8. KRIKOR

    Harpoot is the English version of the Armenian Khaberd.
    From the 12th to 7th century before Christ it was
    Urartian.
    In 1234 the Seljuks arrived there. Afterwards the area was
    ruled by the Mongols, later by the Turkmen. Only in 1516
    it came under Ottoman rule.
    In 1834 Sultan Abdul Aziz postponed the city from the hill
    down in the valley, now called Mamuret ul Aziz. In 1937 this
    city in the plain got the name Elazig. Now its a town and a
    province of the same name. The province has 10 counties in
    which live 550 000 inhabitants. Some decades ago there were
    still 7 ruins of Armenian churches up there in Khaberd as
    well as several old Armenian houses.
    Our most famous Armenian of this area was Nerses Schnorhali.

  9. avatar Bedros Zerdelian // April 25, 2013 at 4:58 pm // Reply

    Dear Ara, God bless your family and your mission.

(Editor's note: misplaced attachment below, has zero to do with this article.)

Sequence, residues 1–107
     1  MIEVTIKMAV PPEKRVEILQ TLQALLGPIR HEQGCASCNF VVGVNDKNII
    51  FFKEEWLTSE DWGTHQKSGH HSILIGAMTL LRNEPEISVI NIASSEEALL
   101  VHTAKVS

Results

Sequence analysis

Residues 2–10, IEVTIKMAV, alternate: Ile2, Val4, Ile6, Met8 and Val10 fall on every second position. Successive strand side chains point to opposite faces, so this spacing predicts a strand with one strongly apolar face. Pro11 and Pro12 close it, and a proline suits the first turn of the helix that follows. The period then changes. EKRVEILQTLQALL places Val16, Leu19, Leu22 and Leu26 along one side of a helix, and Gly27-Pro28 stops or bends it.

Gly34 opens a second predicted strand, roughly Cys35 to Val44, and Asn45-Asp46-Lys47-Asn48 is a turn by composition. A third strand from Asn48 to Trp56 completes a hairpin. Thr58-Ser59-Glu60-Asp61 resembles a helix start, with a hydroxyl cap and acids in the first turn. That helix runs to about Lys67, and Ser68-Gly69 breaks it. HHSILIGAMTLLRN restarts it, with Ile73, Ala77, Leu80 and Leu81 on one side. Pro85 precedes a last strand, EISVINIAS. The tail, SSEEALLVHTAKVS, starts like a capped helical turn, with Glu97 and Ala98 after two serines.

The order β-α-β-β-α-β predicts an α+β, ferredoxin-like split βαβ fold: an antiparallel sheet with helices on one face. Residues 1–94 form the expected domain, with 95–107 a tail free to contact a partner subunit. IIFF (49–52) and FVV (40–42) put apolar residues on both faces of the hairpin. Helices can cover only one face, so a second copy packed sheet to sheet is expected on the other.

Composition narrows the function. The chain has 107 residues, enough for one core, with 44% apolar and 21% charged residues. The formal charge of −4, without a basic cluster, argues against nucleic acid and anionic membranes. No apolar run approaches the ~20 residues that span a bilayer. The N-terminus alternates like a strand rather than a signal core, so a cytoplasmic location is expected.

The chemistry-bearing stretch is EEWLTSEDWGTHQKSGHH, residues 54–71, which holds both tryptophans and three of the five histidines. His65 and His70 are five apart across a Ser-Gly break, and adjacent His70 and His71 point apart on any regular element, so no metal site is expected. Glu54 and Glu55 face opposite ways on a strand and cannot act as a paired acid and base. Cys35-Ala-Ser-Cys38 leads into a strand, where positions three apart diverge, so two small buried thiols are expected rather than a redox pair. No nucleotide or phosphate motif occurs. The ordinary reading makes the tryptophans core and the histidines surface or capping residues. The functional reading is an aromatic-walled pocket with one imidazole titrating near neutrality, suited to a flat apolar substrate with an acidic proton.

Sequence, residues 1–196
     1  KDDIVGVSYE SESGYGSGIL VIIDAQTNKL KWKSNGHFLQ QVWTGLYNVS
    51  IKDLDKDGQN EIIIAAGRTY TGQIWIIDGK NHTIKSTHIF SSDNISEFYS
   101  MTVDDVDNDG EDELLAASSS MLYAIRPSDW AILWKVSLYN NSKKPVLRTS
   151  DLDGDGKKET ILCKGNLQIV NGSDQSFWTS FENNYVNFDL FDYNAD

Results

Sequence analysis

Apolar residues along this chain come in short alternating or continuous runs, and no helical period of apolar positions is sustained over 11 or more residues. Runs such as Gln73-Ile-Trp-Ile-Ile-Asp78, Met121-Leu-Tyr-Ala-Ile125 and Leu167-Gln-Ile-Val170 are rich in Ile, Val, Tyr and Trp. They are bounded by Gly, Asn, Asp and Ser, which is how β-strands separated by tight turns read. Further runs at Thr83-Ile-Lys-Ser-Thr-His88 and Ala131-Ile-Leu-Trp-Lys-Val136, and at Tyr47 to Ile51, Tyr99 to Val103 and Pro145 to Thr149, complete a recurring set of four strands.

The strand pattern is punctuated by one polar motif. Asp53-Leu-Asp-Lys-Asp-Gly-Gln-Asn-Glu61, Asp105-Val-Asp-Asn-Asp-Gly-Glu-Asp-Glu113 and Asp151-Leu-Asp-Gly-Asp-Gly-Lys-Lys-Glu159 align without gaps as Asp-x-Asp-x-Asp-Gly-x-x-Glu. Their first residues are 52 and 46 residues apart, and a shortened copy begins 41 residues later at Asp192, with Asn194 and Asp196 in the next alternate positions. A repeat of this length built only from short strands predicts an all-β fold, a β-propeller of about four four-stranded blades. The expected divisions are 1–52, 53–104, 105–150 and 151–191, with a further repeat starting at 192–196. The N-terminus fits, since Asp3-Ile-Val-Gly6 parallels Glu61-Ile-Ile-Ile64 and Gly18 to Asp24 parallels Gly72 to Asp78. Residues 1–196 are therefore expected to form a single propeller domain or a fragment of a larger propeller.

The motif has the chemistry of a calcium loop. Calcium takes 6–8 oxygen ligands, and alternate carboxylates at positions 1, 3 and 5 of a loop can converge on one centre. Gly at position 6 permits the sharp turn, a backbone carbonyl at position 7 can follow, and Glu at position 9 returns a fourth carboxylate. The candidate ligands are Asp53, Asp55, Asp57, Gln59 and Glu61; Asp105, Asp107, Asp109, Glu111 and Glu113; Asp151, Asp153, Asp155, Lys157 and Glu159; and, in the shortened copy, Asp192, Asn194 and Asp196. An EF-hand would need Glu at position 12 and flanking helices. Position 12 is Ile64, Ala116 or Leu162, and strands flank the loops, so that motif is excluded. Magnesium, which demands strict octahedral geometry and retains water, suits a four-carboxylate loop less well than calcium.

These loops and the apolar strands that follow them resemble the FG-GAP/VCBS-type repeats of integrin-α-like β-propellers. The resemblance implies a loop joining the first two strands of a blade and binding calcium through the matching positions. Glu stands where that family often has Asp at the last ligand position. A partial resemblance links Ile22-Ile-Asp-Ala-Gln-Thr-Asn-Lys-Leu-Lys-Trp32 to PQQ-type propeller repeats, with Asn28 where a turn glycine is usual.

My father is from Seghert Roupen Sarkis Zerdelian (Siirt) located South East of Bitlis.
    The Armenians in Van they defend themselfes bravely and the Turks lost the battle, as a revenge they attacked and killed the Armenians in Seghert.
    My mom is from Mounjousoun (Gesaria) small town near Talas where until now the American hospital is located. My mom’s maiden name is Garabed Garabedian Vartouhi.

  10. “We should not take for granted Osman Baydemir’s promise of wide open doors to Armenians, and should develop new ways of strengthening these ties with Diyarbakir and turn this potential into reality,”
    As it appears, Diarbakir/Tigranakert is going to play an important role in the future revival of the Armenian presence in Turkey and/or Kurdistan. The Kurdst in this region are manifestly conducting a pro-Armenian policy. It is up to the Armenians not to miss this opportunity and seriously consider the possibilities for revival of Armenian physical, cultural and economic presence in the region.

  11. Dear Ayse,

    You are a courageous Turkish woman. I admire you. Is it possible to post the names of the villages in AW? My parental family were from a village in Moush, Bitlis province. They fled during Hamidian Massacres and then again in 1915. Many of them were murdered during the escape.